Unless you have been living under a rock, you would notice that GST had gone up from 7% to 8% with effect from 1 Jan 2023. The impact of GST hike is significant because it affects almost every facet of our everyday life. Unsurprisingly, many merchants and retailers pushed out “Beat the GST Hike” promotion during the year-end period to drive up sales. Were these genuine promotions or mere marketing gimmicks? Now that it has been a month into the new year and Singaporeans generally getting accustomed to the increase in consumption tax, I like to highlight some of the poor/irrational financial decisions that I have observed.
What Are “Beat the GST Hike” Promotions?
“BEAT the GST” promotion refers to sales campaigns that are designed to encourage consumers to make their purchases before the increase in GST comes into effect. They are usually run by merchandisers selling big-ticket items such as furniture and electrical appliances.
Diagram 1 is an example of the “Beat the GST” promotion carried out by Takashimaya, a departmental store. These promotions are also common in transactions that usually require some form of pre-payment such as holiday packages, wedding banquet and renovation bills. For example, vendors may roll out promotions where payment is made in full or with faster milestones so that the buyer avoids paying the 1% additional GST. However, participating in these campaigns may not be financially sound these circumstances:
1. Creditworthiness of counter parties (vendors)
It is important to consider the creditworthiness of the counter parties that you are dealing with when you are making a prepayment. In this case, I am referring to the vendors such as interior design companies, travel agencies, bridal shops, beauty salon etc. Before making a larger than required pre-payment, ask yourself this question “Would the company still be operating and delivering the promised product/service many months later?” Afterall, company closures are most common in the aforementioned industries as cited by CASE in this article on Channel News Asia.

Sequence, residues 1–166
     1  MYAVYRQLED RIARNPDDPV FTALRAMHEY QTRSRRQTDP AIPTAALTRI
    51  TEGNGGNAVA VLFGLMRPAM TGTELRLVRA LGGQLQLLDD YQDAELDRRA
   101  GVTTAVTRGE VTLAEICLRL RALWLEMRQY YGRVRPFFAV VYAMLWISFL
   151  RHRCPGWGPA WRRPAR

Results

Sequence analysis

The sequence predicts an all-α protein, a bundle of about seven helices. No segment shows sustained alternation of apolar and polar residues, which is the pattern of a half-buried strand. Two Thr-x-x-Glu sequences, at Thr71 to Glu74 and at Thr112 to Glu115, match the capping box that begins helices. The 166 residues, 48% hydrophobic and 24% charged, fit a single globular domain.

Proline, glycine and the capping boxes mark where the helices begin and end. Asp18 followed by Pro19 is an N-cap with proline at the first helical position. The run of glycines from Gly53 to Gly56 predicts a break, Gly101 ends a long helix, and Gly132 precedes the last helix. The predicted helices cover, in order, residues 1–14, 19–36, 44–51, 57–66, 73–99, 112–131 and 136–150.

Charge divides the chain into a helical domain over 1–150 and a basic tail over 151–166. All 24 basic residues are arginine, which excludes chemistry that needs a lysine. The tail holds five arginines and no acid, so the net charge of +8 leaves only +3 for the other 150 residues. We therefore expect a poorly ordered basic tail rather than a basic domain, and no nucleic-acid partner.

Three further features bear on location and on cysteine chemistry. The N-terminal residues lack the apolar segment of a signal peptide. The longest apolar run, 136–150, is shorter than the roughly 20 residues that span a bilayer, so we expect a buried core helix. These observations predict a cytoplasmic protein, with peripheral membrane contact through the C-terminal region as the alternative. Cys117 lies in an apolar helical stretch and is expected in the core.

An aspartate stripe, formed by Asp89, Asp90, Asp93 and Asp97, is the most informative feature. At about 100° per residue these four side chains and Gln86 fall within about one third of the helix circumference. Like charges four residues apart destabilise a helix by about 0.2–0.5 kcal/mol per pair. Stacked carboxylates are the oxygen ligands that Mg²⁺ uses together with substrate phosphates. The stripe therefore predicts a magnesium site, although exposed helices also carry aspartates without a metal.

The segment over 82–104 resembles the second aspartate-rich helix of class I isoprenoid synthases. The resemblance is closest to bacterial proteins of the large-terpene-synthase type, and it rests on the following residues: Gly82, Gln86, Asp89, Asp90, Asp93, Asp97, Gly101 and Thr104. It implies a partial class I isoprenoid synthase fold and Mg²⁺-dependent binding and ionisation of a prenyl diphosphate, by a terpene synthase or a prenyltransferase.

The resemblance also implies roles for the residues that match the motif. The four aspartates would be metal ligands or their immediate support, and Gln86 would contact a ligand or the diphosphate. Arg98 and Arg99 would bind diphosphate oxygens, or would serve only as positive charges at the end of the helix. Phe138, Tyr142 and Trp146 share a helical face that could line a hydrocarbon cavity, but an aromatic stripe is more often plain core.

Consumers can protect themselves by checking against this “Consumer Alert List” on CASE. Another way is simply to avoid making large amount of prepayments as shown in Diagram 2!
Choosing accelerated milestone payments could well turn out to be a case of being penny wise pound foolish if you are unfortunate to get the short end of the stick.
2. Time Value of Money
In finance, we are always taught to consider the time value of money. With this consideration in mind, it may not be wise to make advance payments just to save 1% on GST output, especially if the good/service will be delivered more than 4 months later. That is because the opportunity cost of parting away with your money so early is much higher than the 1% that you are trying to save.